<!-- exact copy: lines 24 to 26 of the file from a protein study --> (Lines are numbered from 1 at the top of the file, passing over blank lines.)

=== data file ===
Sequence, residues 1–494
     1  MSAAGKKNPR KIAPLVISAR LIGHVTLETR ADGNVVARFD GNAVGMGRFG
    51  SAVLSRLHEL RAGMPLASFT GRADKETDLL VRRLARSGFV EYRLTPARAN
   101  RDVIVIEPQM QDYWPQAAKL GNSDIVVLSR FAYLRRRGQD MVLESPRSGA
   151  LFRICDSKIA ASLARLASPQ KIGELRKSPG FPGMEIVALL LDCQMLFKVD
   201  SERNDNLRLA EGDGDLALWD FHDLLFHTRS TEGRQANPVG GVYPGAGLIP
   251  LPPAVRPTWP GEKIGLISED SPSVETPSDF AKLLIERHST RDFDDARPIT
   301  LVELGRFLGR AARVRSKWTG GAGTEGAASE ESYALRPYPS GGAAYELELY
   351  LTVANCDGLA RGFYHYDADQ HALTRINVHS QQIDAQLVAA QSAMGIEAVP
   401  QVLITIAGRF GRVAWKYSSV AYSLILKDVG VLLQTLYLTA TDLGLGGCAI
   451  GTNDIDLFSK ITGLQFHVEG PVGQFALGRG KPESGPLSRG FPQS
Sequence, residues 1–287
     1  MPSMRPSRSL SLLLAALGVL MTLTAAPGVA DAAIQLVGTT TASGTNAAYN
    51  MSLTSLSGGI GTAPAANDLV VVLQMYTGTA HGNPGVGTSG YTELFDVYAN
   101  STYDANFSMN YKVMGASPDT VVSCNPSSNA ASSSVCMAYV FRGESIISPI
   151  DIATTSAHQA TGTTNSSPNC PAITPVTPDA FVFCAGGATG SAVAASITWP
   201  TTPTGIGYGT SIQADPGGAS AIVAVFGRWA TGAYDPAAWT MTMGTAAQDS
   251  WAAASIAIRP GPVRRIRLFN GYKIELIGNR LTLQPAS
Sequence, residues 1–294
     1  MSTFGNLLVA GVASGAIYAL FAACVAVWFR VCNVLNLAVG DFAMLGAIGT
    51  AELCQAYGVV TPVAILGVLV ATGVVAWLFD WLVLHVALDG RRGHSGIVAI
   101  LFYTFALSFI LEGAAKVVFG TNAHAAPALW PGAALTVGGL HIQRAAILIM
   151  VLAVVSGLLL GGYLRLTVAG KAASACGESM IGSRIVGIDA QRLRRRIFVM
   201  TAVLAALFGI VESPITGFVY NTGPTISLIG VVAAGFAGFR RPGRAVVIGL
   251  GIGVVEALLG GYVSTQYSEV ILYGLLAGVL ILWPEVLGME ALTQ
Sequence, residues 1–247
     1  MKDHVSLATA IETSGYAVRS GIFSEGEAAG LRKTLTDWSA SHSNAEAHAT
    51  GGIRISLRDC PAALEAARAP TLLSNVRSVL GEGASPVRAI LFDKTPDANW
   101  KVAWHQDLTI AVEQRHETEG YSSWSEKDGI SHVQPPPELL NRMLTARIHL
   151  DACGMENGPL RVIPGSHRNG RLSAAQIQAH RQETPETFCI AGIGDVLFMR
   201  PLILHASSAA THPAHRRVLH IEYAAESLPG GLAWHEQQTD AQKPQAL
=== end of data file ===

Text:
   201  TAVLAALFGI VESPITGFVY NTGPTISLIG VVAAGFAGFR RPGRAVVIGL
   251  GIGVVEALLG GYVSTQYSEV ILYGLLAGVL ILWPEVLGME ALTQ
Sequence, residues 1–247